Do women master crises better? A multifaceted question
Particularly in difficult and uncertain times, for example during the coronavirus pandemic, how managers behave is crucial to business success. What advantages do companies with female managers have? In Part I from August, we already discussed this question with Shelley Zalis, CEO of The Female Quotient. We wanted to further explore the topic from another perspective. Since female managers are still greatly underrepresented in Latin America, we interviewed Izabela Ianelli and Lori Lizarraga about the issue.
Despite the fact that equality is not a new topic, female managers are very much in the minority in many industries. Could this be about to change?
At the start of the year, separate studies conducted by Harvard University and the University of Liverpool concluded that countries led by women seem to be weathering the COVID-19 crisis better. What advantages do female leaders have over others in crisis situations?
The fact that the way women communicate is an important factor in navigating crises has also been highlighted, so what lessons can men learn from women here?
Izabela Ianelli: The process of communication in crises needs to be based on truth and confidence: Women admit that crises are happening soon in the first stages and invest time in understanding the problems and the solutions that are being proposed. So, when they communicate it to others, they believe in it.
Lori Lizarraga: Many of us understand that communication is a process that is most powerful when both listening and learning are involved. When done correctly, that means taking feedback, elevating good ideas, correcting mistakes and improving procedures – not just nodding your head and allowing someone to “feel heard.” When it comes to communication, everyone is different, and I think everyone brings something important to the table. When there is a good balance of women and men from a wide age range who represent a large pool of diverse ethnicities and backgrounds and all those voices feel empowered and valuable, the level of productive and effective communication will be at its peak.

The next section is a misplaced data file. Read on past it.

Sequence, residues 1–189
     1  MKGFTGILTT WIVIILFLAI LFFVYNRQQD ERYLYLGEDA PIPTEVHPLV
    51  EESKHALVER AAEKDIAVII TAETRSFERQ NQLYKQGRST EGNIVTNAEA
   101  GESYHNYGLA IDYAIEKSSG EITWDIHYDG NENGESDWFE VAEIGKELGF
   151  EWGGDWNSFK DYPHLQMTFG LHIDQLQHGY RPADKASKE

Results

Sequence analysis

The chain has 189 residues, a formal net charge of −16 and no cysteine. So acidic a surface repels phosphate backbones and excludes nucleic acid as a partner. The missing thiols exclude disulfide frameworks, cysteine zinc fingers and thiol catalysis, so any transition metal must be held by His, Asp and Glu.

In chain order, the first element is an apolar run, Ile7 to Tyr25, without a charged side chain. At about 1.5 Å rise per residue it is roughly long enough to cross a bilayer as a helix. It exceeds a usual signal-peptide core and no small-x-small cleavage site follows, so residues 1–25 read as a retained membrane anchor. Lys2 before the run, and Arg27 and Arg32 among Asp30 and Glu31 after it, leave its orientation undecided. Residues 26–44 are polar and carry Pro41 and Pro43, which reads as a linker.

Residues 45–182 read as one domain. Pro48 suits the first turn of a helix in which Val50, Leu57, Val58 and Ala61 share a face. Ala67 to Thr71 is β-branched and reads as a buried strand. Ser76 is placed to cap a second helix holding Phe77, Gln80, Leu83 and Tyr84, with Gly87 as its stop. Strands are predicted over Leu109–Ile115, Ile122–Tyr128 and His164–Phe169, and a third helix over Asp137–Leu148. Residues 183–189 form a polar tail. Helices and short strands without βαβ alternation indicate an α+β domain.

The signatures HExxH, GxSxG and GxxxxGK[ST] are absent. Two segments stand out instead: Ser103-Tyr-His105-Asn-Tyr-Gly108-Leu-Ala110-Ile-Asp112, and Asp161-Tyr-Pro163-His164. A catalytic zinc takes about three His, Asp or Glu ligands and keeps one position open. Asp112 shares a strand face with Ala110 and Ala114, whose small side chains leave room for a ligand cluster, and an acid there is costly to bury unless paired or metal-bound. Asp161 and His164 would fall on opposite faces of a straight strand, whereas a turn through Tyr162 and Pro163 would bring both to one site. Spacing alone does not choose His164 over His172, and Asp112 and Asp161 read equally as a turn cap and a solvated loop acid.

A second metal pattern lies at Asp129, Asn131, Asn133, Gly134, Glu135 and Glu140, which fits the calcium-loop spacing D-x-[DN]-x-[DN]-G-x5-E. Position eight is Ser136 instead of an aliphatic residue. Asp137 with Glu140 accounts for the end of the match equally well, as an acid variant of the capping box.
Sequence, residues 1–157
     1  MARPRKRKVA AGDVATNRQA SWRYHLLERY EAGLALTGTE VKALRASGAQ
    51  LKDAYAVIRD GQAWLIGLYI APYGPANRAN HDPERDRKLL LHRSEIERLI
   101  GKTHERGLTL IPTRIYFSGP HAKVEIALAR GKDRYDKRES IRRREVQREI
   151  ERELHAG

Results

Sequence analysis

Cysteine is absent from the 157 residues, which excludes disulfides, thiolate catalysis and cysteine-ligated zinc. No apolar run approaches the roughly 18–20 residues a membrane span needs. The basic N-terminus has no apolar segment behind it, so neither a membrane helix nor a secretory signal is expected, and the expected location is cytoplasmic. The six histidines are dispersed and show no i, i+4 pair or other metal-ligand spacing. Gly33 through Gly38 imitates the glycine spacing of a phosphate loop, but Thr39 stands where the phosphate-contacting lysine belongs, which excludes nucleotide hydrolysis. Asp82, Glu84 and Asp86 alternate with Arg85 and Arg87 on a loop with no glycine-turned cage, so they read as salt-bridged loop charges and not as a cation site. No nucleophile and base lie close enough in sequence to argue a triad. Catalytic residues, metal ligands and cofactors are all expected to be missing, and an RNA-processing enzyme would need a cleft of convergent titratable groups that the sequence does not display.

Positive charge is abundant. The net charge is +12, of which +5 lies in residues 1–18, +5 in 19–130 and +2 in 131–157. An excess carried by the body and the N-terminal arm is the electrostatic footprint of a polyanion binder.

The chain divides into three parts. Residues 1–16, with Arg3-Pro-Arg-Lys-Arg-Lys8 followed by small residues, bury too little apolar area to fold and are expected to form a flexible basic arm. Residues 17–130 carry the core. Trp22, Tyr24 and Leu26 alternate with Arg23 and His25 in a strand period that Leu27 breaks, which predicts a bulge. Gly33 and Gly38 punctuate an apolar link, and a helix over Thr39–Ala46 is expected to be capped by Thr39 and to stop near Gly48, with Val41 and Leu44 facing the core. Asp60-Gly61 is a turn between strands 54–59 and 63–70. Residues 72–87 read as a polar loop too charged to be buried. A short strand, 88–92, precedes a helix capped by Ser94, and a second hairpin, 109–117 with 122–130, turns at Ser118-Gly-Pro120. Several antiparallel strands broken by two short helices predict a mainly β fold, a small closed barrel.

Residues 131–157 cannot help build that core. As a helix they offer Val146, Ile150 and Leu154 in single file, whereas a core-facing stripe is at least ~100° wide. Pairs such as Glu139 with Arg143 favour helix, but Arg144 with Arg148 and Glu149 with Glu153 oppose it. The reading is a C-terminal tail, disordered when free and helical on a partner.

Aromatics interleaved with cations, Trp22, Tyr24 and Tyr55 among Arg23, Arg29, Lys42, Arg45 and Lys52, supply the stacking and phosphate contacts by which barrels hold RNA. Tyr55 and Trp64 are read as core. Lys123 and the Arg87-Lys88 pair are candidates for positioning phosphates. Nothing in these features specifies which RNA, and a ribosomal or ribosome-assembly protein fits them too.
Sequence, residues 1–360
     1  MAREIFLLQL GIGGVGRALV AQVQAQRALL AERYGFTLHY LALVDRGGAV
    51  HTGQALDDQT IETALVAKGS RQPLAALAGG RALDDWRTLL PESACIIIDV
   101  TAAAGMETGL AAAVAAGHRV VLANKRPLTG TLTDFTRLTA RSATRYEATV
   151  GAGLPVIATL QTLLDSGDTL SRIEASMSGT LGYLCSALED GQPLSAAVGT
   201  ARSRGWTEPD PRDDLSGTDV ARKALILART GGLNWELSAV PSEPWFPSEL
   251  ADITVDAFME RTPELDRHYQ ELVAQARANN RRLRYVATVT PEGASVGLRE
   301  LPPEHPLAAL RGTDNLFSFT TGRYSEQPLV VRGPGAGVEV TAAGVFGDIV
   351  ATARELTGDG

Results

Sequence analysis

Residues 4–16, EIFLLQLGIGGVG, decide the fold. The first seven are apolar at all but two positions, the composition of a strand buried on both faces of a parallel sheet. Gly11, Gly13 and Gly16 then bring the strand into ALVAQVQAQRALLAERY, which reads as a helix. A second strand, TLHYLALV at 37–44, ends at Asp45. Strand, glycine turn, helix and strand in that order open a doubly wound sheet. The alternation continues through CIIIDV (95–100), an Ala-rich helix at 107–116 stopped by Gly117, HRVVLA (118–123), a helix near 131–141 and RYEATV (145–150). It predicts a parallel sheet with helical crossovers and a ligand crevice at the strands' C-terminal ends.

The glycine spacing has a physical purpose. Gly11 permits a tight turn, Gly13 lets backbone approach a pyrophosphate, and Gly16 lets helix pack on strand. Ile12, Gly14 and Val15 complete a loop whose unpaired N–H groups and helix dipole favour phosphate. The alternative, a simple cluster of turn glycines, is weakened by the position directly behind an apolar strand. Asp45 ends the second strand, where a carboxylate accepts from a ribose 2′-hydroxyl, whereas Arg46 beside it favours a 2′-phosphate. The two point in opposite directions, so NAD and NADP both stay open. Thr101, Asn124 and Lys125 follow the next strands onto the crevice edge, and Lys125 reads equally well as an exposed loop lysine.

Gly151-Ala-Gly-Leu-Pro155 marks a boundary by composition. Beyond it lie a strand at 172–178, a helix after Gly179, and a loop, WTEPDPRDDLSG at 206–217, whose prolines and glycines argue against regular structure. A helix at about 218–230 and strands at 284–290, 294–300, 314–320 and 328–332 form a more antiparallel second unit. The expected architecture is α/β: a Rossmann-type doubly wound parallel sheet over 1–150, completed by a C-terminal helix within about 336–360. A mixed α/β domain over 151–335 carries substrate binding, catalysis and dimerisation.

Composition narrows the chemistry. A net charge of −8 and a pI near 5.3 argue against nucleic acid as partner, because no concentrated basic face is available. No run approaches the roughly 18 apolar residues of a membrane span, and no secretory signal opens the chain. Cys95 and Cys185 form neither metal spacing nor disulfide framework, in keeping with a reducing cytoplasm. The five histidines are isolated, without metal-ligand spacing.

Women are often accused of failing to put themselves forward for management positions and of holding back when it comes to promotion. Are women too self-critical, does this stop them from progressing and how can we combat stereotypical prejudices?
Izabela Ianelli: Historically, society has imposed limits on women. I have no doubts that all those limits still directly affect how women behave in the workspace and the way they relate to the work in their life. We need to keep fighting against the stereotypes daily. The big goal is to promote a more inclusive and safer workspace where women feel stimulated to grow and accept higher positions.
Lori Lizarraga: If women aren’t going out for promotion, we should look at the system that has kept them from being elevated for so long. If there isn’t a real opportunity for a woman to succeed against her male counterparts for a promotion, why try? If a woman isn’t certain that her new title would be truly respected or give her more authority in the workplace, does she even want it? If a woman’s motherhood will be used against her instead of being seen as the powerful role it is, it’s fair for her to question whether that promotion will really help or hurt her. All those scenarios are still very real problems for many women in many industries across the world. The professional world has a long way to go to truly give women the credit we deserve, and the paycheck to match. As those improvements continue to be made, women leaders will continue to rise to the top!
The WOW Dinner is part of an inspirational global series of networking events taking place around the globe, aims to at promote diversity and the empowerment of women in tech and related industries.
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